In the last line is the usual definition for the difference quotient supplemented by the term O($\Delta $x)(letter O), which gives the deviation from the differential quotient due to neglecting the higher terms of the Taylor series. The deviation vanishes in the limit of $\Delta x\to 0$, since all terms contained in $O$ depend at least linearly on $\Delta x$. For sufficiently small intervals the higher powers of $\Delta x$ can be neglected against the linear term and one obtains the important conclusion, that the procedure of differentiation according to the above formula becomes accurate linearly with $\Delta x$. If one halves the width of the interval the accuracy is doubled.

Using the Taylor series one can easily derive a method with better convergence for the calculation of the derivative. We write down the Taylor series once for a point that is $\Delta x$ to the right of the computation point $x$ and once for a point that is $\Delta x$ to the left of the computation point. Subtracting the two series from each other the terms with even powers drop out:

$$\begin{array}{c}\left[1\right]\phantom{\rule{0em}{0ex}}\phantom{\rule{0em}{0ex}}\phantom{\rule{0em}{0ex}}y\left(x+\left|\Delta x\right|\right)=y\left(x\right)+{y}^{\prime}\left(x\right)\left|\Delta x\right|+\frac{{y}^{\u2033}\left(x\right){\left|\Delta x\right|}^{2}}{2}+\frac{{y}^{\u2034}\left(x\right){\left|\Delta x\right|}^{3}}{6}+\frac{{y}^{\u2034}{\left(x\right)}^{\prime}{\left|\Delta x\right|}^{4}}{24}+...\hfill \\ \left[2\right]\phantom{\rule{0em}{0ex}}\phantom{\rule{0em}{0ex}}\phantom{\rule{0em}{0ex}}y\left(x\phantom{\rule{0em}{0ex}}\phantom{\rule{0em}{0ex}}-\phantom{\rule{0em}{0ex}}\left|\Delta x\right|\right)\phantom{\rule{0em}{0ex}}\phantom{\rule{0em}{0ex}}=\phantom{\rule{0em}{0ex}}\phantom{\rule{0em}{0ex}}\phantom{\rule{0em}{0ex}}y\left(x\right)\phantom{\rule{0em}{0ex}}\phantom{\rule{0em}{0ex}}-\phantom{\rule{0em}{0ex}}\phantom{\rule{0em}{0ex}}{y}^{\prime}\left(x\right)\left|\Delta x\right|\phantom{\rule{0em}{0ex}}\phantom{\rule{0em}{0ex}}+\frac{{y}^{\u2033}\left(x\right){\left|\Delta x\right|}^{2}}{2}\phantom{\rule{0em}{0ex}}\phantom{\rule{0em}{0ex}}\phantom{\rule{0em}{0ex}}-\phantom{\rule{0em}{0ex}}\phantom{\rule{0em}{0ex}}\frac{{y}^{\u2034}\left(x\right){\left|\Delta x\right|}^{3}}{6}\phantom{\rule{0em}{0ex}}\phantom{\rule{0em}{0ex}}\pm ...\hfill \\ \left[1\right]-\left[2\right]\to y\left(x+\left|\Delta x\right|\right)-y\left(x\phantom{\rule{0em}{0ex}}\phantom{\rule{0em}{0ex}}-\phantom{\rule{0em}{0ex}}\left|\Delta x\right|\right)\phantom{\rule{0em}{0ex}}=2\phantom{\rule{0em}{0ex}}{y}^{\prime}\left(x\right)\left|\Delta x\right|+2\frac{{y}^{\u2034}\left(x\right){\left|\Delta x\right|}^{3}}{6}+...\hfill \\ {y}^{\prime}=\frac{y\left(x+\left|\Delta x\right|\right)-y\left(x-\left|\Delta x\right|\right)}{2\left|\Delta x\right|}-O\left(\frac{{y}^{\u2034}\left(x\right){\left|\Delta x\right|}^{2}}{6}+...\right)\hfill \\ \hfill \end{array}$$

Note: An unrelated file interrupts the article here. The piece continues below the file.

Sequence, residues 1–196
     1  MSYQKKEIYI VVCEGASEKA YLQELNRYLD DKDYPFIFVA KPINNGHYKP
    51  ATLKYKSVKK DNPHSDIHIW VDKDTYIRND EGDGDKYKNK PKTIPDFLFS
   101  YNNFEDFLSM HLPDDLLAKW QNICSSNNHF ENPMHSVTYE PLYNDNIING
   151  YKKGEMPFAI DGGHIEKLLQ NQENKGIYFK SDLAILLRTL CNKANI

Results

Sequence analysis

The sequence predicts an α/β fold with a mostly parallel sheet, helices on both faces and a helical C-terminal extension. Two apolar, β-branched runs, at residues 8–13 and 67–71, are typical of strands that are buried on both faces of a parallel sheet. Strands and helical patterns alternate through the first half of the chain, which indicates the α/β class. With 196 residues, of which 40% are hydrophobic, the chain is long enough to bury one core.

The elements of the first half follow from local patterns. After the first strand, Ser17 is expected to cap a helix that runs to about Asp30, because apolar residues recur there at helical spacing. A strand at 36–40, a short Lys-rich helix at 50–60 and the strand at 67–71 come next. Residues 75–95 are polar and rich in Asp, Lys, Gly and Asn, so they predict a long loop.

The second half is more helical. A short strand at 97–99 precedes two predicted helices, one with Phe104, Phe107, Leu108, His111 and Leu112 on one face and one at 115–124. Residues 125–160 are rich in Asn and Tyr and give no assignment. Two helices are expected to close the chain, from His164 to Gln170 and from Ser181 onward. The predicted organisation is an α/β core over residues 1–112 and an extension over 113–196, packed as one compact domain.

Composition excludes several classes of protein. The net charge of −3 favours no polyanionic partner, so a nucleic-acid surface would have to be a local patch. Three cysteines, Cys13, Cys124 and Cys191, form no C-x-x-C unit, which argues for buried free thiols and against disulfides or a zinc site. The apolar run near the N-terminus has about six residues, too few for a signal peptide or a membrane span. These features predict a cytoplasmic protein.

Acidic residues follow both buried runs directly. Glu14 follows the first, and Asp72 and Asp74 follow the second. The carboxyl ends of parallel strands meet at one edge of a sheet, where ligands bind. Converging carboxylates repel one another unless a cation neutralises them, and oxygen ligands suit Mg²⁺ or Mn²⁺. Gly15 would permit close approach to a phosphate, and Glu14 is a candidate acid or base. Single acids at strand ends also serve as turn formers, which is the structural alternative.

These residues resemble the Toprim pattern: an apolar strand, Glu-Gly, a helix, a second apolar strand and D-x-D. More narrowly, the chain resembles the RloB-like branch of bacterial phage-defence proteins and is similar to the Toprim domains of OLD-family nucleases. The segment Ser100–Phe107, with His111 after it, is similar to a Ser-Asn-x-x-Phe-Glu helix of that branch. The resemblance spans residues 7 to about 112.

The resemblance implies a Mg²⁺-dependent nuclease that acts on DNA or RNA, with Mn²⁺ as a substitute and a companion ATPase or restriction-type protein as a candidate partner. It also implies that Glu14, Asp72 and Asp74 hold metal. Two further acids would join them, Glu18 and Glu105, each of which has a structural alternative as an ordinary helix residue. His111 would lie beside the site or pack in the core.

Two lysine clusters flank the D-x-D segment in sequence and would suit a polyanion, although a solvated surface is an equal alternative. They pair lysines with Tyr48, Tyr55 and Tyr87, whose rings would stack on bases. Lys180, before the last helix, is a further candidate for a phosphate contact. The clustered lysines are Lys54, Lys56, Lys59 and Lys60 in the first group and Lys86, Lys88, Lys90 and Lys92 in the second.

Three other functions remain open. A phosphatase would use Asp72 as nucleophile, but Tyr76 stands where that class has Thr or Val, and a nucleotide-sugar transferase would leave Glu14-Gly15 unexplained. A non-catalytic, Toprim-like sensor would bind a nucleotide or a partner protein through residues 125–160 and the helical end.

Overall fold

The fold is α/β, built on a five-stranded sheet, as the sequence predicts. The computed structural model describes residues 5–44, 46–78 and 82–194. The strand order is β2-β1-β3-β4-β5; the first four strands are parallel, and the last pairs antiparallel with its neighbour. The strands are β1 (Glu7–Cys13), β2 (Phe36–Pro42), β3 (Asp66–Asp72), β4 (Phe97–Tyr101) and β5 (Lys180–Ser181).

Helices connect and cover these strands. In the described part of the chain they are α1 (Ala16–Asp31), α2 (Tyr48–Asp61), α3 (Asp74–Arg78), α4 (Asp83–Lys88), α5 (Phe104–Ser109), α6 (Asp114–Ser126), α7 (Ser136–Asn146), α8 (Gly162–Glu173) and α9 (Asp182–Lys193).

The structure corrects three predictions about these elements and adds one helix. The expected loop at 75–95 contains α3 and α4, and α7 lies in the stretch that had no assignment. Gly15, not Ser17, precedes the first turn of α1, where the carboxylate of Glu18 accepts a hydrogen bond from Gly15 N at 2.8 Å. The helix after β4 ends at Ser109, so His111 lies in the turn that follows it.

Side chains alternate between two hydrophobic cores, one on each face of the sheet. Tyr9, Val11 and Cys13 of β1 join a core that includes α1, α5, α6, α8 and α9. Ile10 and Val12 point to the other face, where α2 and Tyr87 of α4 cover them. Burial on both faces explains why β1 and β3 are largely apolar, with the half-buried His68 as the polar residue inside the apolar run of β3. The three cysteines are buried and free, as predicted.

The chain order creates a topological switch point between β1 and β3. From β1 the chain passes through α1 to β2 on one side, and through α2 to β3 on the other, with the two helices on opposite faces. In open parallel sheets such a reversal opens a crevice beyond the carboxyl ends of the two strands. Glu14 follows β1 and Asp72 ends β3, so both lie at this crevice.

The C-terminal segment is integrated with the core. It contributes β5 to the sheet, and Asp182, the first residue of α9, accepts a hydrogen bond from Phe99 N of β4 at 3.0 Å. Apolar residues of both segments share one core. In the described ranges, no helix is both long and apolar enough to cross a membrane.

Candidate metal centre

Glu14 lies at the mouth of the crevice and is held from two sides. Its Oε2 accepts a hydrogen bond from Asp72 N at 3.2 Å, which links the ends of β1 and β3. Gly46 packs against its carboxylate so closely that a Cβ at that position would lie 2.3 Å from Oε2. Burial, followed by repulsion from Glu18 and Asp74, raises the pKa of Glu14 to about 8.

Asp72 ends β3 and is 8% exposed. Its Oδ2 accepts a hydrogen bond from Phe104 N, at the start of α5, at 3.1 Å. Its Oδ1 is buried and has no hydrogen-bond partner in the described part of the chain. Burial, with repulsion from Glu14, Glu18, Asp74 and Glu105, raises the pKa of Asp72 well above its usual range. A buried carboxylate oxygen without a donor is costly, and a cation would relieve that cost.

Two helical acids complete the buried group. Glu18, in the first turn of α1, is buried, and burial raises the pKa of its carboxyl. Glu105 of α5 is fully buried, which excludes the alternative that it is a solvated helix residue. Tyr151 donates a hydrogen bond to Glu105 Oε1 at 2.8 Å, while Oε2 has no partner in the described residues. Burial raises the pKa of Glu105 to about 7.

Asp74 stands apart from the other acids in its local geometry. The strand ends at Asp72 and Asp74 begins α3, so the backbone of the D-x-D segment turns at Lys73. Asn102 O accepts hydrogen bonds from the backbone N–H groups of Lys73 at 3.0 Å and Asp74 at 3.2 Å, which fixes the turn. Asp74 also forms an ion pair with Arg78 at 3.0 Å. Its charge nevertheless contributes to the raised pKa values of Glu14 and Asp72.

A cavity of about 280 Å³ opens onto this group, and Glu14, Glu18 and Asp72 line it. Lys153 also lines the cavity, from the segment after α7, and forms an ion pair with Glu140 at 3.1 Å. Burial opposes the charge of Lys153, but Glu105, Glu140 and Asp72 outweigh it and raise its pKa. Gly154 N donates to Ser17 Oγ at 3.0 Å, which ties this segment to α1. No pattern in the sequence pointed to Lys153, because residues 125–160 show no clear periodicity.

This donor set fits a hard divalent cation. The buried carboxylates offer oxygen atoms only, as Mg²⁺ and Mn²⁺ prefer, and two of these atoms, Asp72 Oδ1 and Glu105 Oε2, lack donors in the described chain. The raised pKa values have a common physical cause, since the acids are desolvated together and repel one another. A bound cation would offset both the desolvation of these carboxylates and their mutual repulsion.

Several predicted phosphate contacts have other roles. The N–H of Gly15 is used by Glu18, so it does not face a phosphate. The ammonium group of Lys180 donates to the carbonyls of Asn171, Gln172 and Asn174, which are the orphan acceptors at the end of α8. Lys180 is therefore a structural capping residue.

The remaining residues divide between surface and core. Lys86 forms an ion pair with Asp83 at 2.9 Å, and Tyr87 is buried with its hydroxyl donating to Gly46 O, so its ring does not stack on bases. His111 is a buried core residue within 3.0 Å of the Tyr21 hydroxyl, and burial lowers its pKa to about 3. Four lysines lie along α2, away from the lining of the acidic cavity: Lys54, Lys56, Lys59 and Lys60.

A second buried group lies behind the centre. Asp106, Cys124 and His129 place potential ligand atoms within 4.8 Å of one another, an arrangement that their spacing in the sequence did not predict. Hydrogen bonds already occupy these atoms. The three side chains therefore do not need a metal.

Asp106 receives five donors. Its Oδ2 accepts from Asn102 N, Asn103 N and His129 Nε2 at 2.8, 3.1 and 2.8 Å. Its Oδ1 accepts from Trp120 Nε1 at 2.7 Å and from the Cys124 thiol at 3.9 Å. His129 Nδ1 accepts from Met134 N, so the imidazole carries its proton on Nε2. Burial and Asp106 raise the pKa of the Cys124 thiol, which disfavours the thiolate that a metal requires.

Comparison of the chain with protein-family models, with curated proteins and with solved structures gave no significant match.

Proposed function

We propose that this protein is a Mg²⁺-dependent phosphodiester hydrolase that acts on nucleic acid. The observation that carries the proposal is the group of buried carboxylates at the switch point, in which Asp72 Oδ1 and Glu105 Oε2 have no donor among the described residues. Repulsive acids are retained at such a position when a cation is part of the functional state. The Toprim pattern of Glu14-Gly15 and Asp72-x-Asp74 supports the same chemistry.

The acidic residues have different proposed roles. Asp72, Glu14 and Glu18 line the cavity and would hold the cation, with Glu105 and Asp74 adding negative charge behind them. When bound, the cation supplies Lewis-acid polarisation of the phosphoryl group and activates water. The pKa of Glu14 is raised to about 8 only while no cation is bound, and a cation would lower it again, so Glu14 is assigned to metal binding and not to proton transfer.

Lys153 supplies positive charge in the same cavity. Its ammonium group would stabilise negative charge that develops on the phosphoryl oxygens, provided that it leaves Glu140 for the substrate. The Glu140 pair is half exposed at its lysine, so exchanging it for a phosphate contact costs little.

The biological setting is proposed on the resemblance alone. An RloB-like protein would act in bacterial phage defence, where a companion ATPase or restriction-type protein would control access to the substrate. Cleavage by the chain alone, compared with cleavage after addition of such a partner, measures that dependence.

The formula obtained in this way converges quadratically with the width of the interval; halving the interval $\left|\Delta x\right|$ improves the accuracy by a factor 4.